I have been in that situation many times–angry and blaming someone else for my own faults.  Sometimes I discovered my error too late to apologize, and I think back on those occasions with deep shame and sorrow for the wounding I caused.  But humble apologies can’t fix everything–the wounding for which I apologize can keep festering, hurt the relationship, and spread out to harm others.  I feel just as wary of my apologetic customer today as yesterday, and that wariness spreads over onto other customers who might also lose their temper.  I now feel an unhealthy degree of anxiety about making mistakes, and that makes me more likely to judge the mistakes of my colleagues.  It is a subtle change, often subconscious, but it taints the air.

On their face, apologies seem to be expressions of grace, but they can just as easily come from legalism and will then often spawn further ungracious ripples.  My customer was primarily chagrined about his wrong evaluation, not his anger.  If I really had mixed the wrong paint, he would have felt justified in being angry–I wasted his time and money with my carelessness.  In other words, he was following a strict legal code–fault deserves anger, the greater the fault the greater the righteous anger.  He saw his failure as misapplying the legal code, in this case his anger was unjustified.  In contrast, grace says we all fail so let’s be patient with each other’s mistakes.  Just say no to anger, even when the other person really is at fault.

So many times I have been chagrined in this same legalistic way.  Instead of learning to be more gracious and less angry with other’s mistakes, I take home the lesson that I need to be more accurate in assigning blame.  In other words, faced with a challenge to my legalistic ways, I become more entrenched in them.

A few days ago I was passing a long line of cars backed up in the exit lane.  Just ahead two cars in my lane had slowed to a crawl, trying to merge into the stopped lane.  The traffic to my left was going too fast for me to shift over.  It seemed clear to me that the two blocking my lane had decided they didn’t want to wait in the long exit lane and had sped ahead to cut in line farther up.  Because of the unexpected jam, I was running late for work, and getting irritated at the lane cheaters, I lay on my horn.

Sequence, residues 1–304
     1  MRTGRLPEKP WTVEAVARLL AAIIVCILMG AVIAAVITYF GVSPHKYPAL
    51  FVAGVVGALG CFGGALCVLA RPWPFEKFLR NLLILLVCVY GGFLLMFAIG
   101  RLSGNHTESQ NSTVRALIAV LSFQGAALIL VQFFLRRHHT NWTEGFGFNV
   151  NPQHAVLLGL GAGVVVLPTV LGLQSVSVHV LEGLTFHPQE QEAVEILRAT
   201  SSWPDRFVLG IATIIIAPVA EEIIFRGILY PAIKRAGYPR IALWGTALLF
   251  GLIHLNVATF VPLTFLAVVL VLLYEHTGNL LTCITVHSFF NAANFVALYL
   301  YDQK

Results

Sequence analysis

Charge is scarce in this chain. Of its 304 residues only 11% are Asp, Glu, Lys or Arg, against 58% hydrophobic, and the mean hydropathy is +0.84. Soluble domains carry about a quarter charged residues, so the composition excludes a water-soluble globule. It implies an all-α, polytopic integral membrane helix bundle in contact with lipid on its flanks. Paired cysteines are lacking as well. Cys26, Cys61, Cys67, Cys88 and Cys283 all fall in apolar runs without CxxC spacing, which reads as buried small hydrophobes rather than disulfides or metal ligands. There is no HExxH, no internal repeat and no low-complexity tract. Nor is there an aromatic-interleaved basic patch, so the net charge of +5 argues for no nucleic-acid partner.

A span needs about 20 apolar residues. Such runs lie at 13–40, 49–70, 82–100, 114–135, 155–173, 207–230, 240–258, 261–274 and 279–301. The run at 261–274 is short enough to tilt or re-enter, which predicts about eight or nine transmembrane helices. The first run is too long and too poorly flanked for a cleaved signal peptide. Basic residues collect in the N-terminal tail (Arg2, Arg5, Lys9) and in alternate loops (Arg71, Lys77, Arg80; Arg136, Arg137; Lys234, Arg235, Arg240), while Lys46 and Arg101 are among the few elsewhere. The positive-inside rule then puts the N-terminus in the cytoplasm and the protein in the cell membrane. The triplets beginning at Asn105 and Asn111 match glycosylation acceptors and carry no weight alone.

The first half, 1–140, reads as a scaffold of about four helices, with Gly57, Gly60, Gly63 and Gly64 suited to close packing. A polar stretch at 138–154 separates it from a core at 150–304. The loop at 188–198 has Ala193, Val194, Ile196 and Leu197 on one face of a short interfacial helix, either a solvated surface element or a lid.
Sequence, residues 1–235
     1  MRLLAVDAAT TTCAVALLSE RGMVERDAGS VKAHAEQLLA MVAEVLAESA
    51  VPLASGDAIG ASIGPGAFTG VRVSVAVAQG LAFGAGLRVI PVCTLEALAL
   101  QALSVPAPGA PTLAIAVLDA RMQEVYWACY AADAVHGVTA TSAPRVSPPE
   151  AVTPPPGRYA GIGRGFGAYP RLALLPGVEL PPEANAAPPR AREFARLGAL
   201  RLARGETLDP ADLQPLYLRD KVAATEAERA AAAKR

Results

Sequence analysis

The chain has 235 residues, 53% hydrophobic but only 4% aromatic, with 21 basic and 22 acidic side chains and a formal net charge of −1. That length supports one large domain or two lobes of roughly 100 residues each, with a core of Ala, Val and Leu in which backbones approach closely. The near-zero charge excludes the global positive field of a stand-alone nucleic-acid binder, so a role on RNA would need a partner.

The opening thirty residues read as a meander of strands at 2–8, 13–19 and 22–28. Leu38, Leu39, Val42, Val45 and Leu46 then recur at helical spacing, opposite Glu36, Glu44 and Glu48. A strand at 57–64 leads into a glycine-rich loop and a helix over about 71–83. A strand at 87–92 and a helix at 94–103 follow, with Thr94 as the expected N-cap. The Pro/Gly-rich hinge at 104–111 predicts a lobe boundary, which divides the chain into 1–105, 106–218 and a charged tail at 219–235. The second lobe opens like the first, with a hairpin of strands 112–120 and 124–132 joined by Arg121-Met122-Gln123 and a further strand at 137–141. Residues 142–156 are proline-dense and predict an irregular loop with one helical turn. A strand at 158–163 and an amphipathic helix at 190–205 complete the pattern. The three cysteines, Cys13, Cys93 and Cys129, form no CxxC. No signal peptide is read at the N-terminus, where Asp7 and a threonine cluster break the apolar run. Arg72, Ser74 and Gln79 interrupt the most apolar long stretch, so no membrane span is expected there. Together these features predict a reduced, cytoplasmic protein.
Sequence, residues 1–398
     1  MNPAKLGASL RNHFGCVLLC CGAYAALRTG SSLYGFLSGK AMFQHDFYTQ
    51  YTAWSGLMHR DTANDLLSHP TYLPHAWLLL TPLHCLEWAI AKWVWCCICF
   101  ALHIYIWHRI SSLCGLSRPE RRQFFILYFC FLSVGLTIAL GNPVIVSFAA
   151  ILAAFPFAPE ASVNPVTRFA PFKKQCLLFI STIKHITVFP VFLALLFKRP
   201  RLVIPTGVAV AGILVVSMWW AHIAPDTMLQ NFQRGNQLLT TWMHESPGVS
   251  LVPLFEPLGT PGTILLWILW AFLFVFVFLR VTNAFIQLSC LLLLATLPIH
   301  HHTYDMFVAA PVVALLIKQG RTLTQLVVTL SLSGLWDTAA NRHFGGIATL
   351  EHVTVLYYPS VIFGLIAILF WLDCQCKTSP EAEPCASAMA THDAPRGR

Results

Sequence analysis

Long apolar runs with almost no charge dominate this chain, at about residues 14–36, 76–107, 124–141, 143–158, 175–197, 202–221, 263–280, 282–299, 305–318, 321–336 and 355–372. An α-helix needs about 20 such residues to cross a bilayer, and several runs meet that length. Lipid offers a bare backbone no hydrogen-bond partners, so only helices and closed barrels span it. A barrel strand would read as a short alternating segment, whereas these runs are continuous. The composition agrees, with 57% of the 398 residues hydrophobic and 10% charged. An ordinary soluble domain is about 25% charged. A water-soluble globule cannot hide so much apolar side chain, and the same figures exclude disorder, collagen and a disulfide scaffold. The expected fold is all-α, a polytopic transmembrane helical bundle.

There are two possibilities: they were innocent or guilty.  If they were being selfish, my anger was justified, but if innocent, then I was at fault.  Simple math: the guilty are punished and the innocent are not… until we add in forgiveness which ruins the equation. We all need forgiveness, repeatedly.  It is the oil that smooths our many faults in relating to each other.  Grace is not only sweeter than law, but far more powerful to transform us, both those who give it and those who receive it, because it works to change the heart, not the behavior.  Since grace defines our motivations, not our actions, it can reveal itself in tough as well as gentle ways, but it is always an act of blessing… and anger is usually not.

 

Posted March 27, 2017 by janathangrace in Personal

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Screwing Up   10 comments

Two weeks ago, having failed to find another job, I moved from a part time position in appliance sales at Home Depot to full time in the paint department.  I was stacking paint last night on a high shelf and dropped a gallon can of shellac-based primer.  It crashed to the floor, covering my shoes, my pants, a six-foot stretch of aisle, and splattering all the products on the bottom shelf.  Herbert, an assistant manager, came to help me clean things up, and as we soaked up the puddles, the rest of it dried hard.  It was well past closing time by then, so we had to stop, leaving a note for the morning crew.